Noname Antiques » Antique Dressers Value (Identification & Price Guides)

Antique Dressers Value (Identification & Price Guides)

Many collectors appreciate antique furniture, particularly valuable pieces produced centuries ago. They recognize a few typical dresser styles from different historical periods and buy them as an investment or beautiful addition to their homes.

One of the most crucial things is learning about identifying antique dressers. The first step is recognizing their style, used materials, and overall shape. Only that way, you can determine these pieces of furniture’s age and the era they originated from.

Antique Dresser Styles

Before buying an antique dresser, you should know how to identify the era it was created and its style.

Antique furniture era

Era Starting year Ending year
Medieval era 1300 1500
Renaissance era 1500 1610
Louis XIII era 1589 1661
Regence era 1700 1730
Louis XV era 1730 1760
Louis XVI era 1760 1789
Directoire era 1789 1804
First Empire era 1804 1815
Restoration era 1815 1830
Louise Philippe era 1830 1848
Second Empire era 1848 1870
Style Moderne and Art Noveau era 1889 1925
Art Deco era 1925 1935

Most experts agree about thirteen primary eras crucial for furniture production, and numerous styles appeared from the 1300s to the 20th century.

You should pay particular attention to the most sought-after English and American furniture styles typical for the period from the 17th to the 19th centuries. Let’s take a look.

Antique furniture styles

English furniture styles American furniture styles
Style Year Style Year
Queen Anne Early 18th century Early Colonial 17th century
Georgian Chippendale Late 18th century Late Colonial 18th century
Georgian Adam Late 18th century Federal Early 19th century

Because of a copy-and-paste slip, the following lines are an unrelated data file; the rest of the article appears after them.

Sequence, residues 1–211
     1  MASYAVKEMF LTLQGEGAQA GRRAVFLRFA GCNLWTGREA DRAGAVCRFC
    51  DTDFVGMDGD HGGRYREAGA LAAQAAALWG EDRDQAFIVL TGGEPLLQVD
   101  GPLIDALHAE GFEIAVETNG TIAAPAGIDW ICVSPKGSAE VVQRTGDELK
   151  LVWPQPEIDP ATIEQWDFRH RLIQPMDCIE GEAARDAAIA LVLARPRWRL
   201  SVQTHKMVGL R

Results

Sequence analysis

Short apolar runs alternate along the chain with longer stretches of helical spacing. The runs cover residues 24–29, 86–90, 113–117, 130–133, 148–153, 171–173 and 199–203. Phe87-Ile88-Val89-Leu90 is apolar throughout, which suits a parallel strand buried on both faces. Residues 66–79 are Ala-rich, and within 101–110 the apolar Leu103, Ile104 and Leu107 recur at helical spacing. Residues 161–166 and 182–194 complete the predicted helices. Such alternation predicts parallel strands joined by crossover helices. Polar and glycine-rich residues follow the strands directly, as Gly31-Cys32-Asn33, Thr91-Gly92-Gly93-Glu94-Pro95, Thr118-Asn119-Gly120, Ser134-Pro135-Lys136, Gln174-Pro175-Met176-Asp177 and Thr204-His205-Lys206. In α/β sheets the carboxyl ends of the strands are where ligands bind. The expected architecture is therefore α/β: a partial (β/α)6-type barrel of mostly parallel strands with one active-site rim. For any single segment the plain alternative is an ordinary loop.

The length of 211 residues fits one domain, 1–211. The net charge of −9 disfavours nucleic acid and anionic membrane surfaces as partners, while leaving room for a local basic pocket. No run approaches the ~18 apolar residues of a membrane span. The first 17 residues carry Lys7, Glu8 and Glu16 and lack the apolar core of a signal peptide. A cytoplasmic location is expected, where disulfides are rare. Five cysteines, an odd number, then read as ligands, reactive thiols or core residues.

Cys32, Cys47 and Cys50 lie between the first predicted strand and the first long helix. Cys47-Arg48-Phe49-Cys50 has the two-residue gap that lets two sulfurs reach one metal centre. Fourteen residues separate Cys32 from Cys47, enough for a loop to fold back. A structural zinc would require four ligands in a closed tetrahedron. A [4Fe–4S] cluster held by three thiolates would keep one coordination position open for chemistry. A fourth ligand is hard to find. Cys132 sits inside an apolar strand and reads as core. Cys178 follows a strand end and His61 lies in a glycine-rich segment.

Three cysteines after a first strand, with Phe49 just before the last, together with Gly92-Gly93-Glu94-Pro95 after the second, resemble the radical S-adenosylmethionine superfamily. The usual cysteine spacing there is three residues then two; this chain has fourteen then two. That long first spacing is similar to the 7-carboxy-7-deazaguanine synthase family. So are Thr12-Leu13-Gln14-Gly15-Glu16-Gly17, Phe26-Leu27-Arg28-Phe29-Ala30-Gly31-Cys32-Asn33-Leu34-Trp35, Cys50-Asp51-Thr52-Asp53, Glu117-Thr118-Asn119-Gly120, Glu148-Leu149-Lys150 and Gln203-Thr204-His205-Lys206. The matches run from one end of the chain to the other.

Georgian Hepplewhite Late 18th century Pennsylvania Dutch Late 17th to mid-19th century
Georgian Sheraton Late 18th century Shaker Late 18th to mid-19th century
Regency Early 19th century
Victorian Late 19th century

1. William and Mary dresser

William and Mary dresser

The style named after the English King William and Mary, his consort, was actual from 1685 to 1720. Many American colonists brought these pieces of furniture to the new world and then tried to use native wood for making dressers in the same style. They are rare nowadays, and their price can go up to $60,000.

2. Queen Anne dresser

Queen Anne dresser

This delicate style was typical for Queen Anne’s court and was actual from 1720 to 1760. Interestingly, each region in North America developed a unique design and created furniture of walnut, maple, cherry, and poplar. Their price on the current market is about $2,000 to $10,000.

3. Chippendale dresser

Chippendale dresser

Thomas Chippendale was a famous English cabinetmaker who presented the new style from 1755 to 1790, and many artisans copied his design. You can buy such an antique piece for about $2,000.

4. Federal (Hepplewhite) dresser

Federal (Hepplewhite) dresser

The period from 1790 to 1815 reflected the growing patriotism in new American states, so their cabinetmakers used mahogany, maple, satinwood, or birch to develop unique and distinctive furniture styles.

The English version is worth $2,000 to $20,000, while you need to set aside an average of $1,500 to $4,500 for a federal dresser.

5. Sheraton dresser

Sheraton dresser

Thomas Sheraton created dressers of the same name, and many craftsmen made them of mahogany, pine, and maple from 1790 to 1810. Unlike the Hepplewhite style, it typically favored fluted legs. Nowadays, most pieces come at a price of $2,000 to $12,000.

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6. Rococo dresser

Rococo dresser

This extravagant French dresser style was trendy in the 18th century. Most pieces were made of mahogany wood and came in various finishes, including painted, gold, or silver. They are typically worth about $1,000 to $5,000 on the current market.

7. Empire (Classical) dresser

Empire (Classical) dresser

A new dresser design emulating the classical Egypt and Greece styles emerged in the early 19th century. Most pieces were made from 1805 to 1830, when American cabinetmakers enjoyed incorporating patriotic motifs, mostly eagles.

It is possible to find such a dresser for an average of $100 to 2,500, depending on its quality and ornateness.

8. Edwardian dresser

Edwardian dresser

Cabinetmakers made numerous lovely light-colored dressers during a short Edwardian era lasting from 1901 and 1910.

The new style was entirely different and less ornamented than furniture typical for the Victorian period. Finding one of these pieces can be challenging, and their average price is $1,000 to $3,000.